I often run into a situation where a patient is considered “border-line” between the options of building a bite around remaining existing teeth, or extracting them and considering alternatives such as full dentures.
This decision is based on two main factors. The patient’s desire, health, and the esthetics of the remaining teeth and bone are the most important.
More often than not, the patient has either had a bad experience at the dentist and is fearful, or has had dentistry done previously and it hasn’t been maintained professionally.
We all know life can also get in the way. Children are usually put first. Medical issues can derail even the best intentions. Disruption of income and other stresses can all have their toll.
Obviously, everyone is different and needs to be evaluated individually.
I would say that about 50 percent of the cases I see locally fall into the category of poor oral health (gum disease and tooth decay) with multiple broken and missing teeth.
If very severe, it’s an easy decision to discuss removal of the remaining teeth and go with replacements such as a full denture, implant supported denture, or a fixed implant supported appliance.
The opposite end of the spectrum accounts for another 45 percent, where keeping and maintaining existing teeth applies.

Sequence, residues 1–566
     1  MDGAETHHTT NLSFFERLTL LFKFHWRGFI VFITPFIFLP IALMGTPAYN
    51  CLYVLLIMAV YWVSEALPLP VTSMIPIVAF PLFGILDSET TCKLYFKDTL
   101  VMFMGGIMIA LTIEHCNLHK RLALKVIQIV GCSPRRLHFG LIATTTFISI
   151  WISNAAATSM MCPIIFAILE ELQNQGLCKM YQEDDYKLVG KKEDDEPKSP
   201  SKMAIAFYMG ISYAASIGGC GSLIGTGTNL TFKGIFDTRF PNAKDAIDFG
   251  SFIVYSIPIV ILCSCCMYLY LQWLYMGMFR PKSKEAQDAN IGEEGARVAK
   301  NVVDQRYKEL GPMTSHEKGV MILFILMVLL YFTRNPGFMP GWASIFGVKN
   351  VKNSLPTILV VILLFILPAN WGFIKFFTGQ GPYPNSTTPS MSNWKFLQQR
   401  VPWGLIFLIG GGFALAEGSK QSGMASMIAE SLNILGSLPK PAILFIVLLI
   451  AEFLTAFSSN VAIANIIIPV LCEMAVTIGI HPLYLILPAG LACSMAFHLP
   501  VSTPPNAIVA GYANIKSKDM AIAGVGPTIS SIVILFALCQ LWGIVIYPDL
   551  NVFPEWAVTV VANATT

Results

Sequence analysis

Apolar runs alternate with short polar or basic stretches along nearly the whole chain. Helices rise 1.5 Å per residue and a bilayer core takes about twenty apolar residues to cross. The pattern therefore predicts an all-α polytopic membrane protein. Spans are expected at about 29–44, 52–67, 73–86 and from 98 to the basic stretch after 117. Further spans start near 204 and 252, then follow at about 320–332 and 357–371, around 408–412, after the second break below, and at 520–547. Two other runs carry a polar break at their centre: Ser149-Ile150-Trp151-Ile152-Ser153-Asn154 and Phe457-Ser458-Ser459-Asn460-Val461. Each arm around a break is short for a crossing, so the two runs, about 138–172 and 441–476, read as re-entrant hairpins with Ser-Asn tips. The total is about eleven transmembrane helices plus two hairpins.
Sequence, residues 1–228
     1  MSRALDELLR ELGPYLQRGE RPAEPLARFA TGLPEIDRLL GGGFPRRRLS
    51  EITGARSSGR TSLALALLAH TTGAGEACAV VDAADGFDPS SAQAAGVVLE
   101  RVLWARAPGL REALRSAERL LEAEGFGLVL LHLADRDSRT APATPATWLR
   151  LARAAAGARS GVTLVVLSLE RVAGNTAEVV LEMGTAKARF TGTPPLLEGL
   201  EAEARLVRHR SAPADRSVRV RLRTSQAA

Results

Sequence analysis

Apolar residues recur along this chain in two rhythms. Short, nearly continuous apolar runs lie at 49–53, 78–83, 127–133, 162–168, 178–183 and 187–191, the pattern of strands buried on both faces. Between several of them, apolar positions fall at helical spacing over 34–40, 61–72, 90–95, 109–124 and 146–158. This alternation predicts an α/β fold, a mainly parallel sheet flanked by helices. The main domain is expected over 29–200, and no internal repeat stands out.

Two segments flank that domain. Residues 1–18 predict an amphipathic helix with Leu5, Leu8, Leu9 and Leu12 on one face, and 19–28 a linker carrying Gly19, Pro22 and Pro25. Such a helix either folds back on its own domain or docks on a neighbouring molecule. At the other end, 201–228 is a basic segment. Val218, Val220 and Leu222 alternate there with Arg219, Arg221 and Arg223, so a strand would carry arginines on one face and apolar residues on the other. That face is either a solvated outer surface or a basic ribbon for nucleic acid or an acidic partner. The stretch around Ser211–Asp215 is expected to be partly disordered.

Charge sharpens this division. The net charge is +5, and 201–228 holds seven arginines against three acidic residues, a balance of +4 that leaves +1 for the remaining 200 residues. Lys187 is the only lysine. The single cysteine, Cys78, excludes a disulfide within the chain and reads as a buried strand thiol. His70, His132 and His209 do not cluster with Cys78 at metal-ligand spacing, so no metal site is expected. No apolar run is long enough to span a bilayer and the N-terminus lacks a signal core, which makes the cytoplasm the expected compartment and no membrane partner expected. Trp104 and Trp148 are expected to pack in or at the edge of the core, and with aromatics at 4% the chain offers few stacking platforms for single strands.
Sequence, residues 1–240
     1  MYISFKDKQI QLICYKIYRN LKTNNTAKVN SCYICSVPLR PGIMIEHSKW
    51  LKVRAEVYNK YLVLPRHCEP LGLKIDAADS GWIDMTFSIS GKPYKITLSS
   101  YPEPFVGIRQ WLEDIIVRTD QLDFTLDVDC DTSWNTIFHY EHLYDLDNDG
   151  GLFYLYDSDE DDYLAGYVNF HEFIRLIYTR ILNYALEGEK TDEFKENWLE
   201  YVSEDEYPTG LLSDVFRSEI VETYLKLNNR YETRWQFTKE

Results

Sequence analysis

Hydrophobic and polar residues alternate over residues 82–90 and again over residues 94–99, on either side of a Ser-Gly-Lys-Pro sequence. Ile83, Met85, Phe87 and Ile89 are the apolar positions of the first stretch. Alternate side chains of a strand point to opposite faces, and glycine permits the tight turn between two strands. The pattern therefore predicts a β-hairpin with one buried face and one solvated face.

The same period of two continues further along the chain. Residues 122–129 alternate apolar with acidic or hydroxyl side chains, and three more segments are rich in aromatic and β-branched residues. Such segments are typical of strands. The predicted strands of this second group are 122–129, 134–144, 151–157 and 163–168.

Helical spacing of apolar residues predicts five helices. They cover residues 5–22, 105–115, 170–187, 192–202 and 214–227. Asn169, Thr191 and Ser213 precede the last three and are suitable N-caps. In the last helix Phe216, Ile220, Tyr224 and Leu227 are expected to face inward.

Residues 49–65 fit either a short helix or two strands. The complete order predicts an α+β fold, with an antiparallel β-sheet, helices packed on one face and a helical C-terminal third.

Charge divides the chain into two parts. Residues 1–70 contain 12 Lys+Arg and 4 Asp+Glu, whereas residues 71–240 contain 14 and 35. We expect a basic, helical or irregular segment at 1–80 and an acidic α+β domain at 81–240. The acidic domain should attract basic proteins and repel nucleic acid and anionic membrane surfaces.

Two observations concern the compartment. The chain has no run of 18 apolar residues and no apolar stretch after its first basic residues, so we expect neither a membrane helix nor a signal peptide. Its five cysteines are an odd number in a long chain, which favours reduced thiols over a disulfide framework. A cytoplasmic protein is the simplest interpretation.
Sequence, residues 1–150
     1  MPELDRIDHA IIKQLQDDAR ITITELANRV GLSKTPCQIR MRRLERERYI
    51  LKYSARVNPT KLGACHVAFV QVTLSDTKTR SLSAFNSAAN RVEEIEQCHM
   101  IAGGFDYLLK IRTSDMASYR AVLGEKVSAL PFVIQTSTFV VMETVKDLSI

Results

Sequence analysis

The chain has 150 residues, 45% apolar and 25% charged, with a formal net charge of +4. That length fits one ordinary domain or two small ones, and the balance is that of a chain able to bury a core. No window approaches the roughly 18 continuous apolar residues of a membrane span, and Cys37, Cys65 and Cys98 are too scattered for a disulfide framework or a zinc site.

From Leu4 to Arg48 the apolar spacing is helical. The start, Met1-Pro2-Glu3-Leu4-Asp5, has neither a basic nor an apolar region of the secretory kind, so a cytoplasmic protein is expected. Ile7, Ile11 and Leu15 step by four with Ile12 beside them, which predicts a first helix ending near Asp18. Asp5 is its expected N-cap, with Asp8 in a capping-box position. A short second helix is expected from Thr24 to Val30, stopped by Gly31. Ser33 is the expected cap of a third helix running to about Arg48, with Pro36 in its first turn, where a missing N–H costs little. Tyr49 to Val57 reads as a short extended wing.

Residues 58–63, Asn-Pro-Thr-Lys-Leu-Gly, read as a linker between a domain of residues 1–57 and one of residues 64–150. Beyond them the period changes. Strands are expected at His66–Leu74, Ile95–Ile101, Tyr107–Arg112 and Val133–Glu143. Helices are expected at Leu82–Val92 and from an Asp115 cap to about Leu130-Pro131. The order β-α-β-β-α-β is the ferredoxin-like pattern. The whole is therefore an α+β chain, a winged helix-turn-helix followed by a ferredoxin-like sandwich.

Missing teeth can be replaced with partial dentures, fixed bridges and implants. Mild to moderate gum disease can be treated and maintained, given willingness by the patient to cooperate with treatment recommendations.
Tooth decay can be treated with fillings, crowns, onlays and veneers.
The remaining 5 percent are the most challenging to diagnose and treat. A lot weighs on the prediction of the future health of remaining teeth and bone, patient desire, and cooperation in maintenance.
A thorough evaluation of the dental possibilities and creativity apply. The resultant outcome still has to include maintainability, longevity, function, esthetics and comfort. Any compromise in any one of those factors needs to relayed to the patient by educating them as to what the future will hold.
Dentures have their place. Deciding when to use them is the key. They are not for everybody.
Taking time to “chew” on this decision will help with real chewing in the future.
James G. Jenkins, D.M.D. is the owner of Bluffton Dental Care in Bluffton.